August 4, 2011

Warren Jeffs Rests His Case

Posted: 12:48 PM ET

With less than an hour of arguments today from Warren Jeffs, the polygamist sect leader on trial for sexual assault silently rested his case. This comes after a bizarre day of testimony yesterday.

Day 5 of the TX v Warren Jeffs trial began with Warren Jeffs, asking for what he calls Constitutional protection based upon his belief that he represents a religious organization.  His request was immediately denied.

During testimony, the prosecution established how Warren Jeffs married a 12-year-old girl who is the daughter of one of his followers.  The child was watched over by Jeffs most of her life.  Public records show the jury learned that Jeffs was involved in assigning jobs for the Jessop family and was the principle at Alta Academy, the FLDS school the girl attended.

The prosecution’s most damning evidence against Jeffs is an audio recording of Jeffs allegedly having sex with the child.  That recording was played in court yesterday.  On it, Jeffs can be heard saying the child’s full name, leaving no doubt as to who is in the room with him.  As the tape was played, jurors also heard heavy breathing and talking, including Jeffs asking, "Does it feel good?" and a child’s voice responding "Yes, thank you." The prosecution also claims that three of Jeffs other so-called “celestial wives” were present when the recording was made. The recording ended with Jeffs saying, "In the name of Jesus Christ, Amen," and the child  repeating, "Amen."

While listening to the tape, several jurors held their heads in their hands, some covered their mouths.  One woman could be seen wiping away her tears with tissue. The state rested its case after playing the explosive audio.

Jeffs then began his defense with a 30-minute sermon, used as an opening statement.  After that, Jeffs called his first and only witness, J.D. Roundy, to the stand.  Roundy is a member of the FLDS and was present each day for the trial. Jeffs questioned Roundy for four hours, which basically amounted to Jeffs having his witness explainthe tenets of their faith, in an attempt to establish his claim for religious freedom. On cross examination, prosecutor Eric Nichols asked Roundy a series of questions meant to discredit Jeffs' assertions that his actions were based on his beliefs.

"Have you ever instructed girls how to prepare themselves to have sex with you?" Nichols asked Roundy.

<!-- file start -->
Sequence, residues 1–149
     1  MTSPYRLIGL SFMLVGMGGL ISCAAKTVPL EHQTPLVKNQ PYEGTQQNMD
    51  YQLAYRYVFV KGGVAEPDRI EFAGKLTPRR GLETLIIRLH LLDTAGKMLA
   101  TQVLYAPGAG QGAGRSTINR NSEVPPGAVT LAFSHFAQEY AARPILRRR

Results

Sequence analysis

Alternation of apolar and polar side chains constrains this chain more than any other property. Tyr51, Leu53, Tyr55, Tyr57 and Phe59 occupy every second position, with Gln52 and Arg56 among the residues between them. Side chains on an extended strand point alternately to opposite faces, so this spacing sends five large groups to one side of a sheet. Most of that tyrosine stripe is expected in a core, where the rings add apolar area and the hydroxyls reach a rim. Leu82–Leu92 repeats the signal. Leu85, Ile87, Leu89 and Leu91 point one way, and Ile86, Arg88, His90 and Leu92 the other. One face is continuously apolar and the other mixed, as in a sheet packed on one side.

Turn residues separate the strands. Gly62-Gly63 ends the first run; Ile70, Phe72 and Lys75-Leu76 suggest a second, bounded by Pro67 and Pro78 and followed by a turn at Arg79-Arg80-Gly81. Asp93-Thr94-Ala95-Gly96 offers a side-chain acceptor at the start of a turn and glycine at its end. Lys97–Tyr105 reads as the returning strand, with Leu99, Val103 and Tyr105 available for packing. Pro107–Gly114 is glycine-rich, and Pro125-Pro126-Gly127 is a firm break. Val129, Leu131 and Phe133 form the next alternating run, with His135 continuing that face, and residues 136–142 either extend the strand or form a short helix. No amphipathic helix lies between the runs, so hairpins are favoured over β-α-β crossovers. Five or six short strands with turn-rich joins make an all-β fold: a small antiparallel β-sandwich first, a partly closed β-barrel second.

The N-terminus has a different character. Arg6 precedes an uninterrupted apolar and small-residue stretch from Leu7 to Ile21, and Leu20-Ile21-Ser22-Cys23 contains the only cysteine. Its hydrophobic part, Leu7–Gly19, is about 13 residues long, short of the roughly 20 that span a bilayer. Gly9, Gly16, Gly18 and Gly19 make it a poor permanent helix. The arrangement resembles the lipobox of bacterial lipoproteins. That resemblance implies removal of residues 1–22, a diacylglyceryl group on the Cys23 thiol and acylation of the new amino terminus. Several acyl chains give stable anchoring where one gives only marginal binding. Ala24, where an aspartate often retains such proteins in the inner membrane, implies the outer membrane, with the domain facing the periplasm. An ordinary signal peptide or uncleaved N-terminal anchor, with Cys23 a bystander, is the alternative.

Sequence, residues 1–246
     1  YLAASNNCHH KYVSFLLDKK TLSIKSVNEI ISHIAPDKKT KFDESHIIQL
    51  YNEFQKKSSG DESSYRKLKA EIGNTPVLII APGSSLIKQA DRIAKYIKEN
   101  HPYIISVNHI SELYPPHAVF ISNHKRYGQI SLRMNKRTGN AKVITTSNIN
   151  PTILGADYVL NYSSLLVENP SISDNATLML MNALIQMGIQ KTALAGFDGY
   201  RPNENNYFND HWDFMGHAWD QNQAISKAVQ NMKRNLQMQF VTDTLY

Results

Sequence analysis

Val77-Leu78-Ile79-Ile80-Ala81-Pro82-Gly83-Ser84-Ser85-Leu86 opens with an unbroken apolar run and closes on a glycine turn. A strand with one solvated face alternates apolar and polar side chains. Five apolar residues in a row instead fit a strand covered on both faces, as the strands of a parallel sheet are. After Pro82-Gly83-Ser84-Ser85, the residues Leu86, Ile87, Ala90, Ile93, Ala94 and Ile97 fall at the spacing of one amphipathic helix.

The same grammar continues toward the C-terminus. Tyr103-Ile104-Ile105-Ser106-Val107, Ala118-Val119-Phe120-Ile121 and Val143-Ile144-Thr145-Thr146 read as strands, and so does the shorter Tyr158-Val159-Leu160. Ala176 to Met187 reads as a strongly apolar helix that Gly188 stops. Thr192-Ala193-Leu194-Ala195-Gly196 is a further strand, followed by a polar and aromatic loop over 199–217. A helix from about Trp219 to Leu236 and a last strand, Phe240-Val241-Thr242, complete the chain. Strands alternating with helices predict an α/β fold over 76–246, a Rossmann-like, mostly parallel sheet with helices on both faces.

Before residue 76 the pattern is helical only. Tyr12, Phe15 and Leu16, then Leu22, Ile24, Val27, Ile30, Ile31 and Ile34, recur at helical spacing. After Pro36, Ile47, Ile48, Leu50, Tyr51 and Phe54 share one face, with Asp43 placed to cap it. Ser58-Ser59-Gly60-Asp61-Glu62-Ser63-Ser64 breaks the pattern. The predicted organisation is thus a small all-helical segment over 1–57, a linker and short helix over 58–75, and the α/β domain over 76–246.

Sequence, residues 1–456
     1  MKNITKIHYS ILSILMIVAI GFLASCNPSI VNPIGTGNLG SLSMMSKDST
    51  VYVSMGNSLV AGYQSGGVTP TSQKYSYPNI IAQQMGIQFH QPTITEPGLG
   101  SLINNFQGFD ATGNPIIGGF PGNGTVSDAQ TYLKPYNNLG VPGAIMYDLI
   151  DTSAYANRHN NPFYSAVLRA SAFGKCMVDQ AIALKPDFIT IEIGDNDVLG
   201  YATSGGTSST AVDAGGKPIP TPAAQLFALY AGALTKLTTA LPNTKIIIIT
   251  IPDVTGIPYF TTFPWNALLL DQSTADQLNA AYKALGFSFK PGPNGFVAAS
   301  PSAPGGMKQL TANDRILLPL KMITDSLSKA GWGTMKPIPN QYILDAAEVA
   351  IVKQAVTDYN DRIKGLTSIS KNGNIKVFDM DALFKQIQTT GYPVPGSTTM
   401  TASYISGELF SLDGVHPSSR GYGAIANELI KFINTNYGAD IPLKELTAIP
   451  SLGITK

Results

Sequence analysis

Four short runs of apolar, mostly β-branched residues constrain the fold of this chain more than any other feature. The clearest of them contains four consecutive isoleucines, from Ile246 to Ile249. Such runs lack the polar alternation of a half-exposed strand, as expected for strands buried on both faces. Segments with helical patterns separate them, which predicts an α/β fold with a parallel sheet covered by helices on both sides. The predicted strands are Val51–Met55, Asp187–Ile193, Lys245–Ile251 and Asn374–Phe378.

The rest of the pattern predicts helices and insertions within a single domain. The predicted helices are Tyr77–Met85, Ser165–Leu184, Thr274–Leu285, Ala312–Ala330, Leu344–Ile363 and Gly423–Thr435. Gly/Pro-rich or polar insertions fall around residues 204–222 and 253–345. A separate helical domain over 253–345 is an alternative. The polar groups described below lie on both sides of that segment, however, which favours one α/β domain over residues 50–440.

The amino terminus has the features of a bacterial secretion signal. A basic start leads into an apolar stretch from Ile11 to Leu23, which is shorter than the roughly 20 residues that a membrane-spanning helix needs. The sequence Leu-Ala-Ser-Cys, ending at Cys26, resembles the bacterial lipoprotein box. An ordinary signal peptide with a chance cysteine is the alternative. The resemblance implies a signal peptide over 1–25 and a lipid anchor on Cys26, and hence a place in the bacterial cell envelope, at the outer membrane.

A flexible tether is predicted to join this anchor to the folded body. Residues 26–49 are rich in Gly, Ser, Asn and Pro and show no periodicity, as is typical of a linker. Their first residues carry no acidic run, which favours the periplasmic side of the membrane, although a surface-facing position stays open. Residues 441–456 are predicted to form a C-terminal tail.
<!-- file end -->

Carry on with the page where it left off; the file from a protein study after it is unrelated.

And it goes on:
"Have you ever engaged in sexual relations with a 15 year old?"


"Have you ever had sexual relations with a 12 year old?"


After a brief re-direct questioning of Roundy that spanned the end of yesterday’s proceedings and the early part this morning, Jeffs was told to call his next witness.  He refused to say anything and the judge then rested the case for him.  Right now, both sides are getting 30 minutes for closing arguments.  After that, the judge will give the jurors instructions and they will decide whether Warren Jeffs is guilty of sexual assault.

-Keith Lovely Jr., In Session Associate Producer

-Jim Kyle, In Session Field Producer

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Filed under: FLDS • Warren Jeffs

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August 3, 2011

Bleeding the Beast: Polygamist sect accused of abusing welfare

Posted: 08:33 AM ET

In discussions about Warren Jeffs and the FLDS (Fundamentalist Church of Jesus Christ of Latter Day Saints) church the topic of “bleeding the beast,” or taking advantage of government money, often comes up.  A former polygamist sect member, Laurie Allen, talked about it in an interview on In Session. Allen produced "Banking on Heaven," a documentary about the FLDS under Jeffs’ leadership.  During our interview last week, Allen claimed the FLDS collects food stamps and other forms of public assistance because many of the women technically are still single.  In the FLDS, multiple women are often “celestially married” to one man, with only one of the women being legally married to their collective husband. That means the other illegitimate wives can collect assistance for themselves and their children.

Allen said the group also collects government assistance for children with disabilities – disabilities she attributes to inbreeding in the FLDS community. She claims “in the state ofArizonaalone, they’re getting between 20 and 30 million dollars a year” and most of the members “are living off taxpayer money.”  She interviewed former Attorney General Terry Goddard in her documentary. Goddard told her 80% of the FLDS members are on welfare and more than 4,000 of them have state medical insurance access.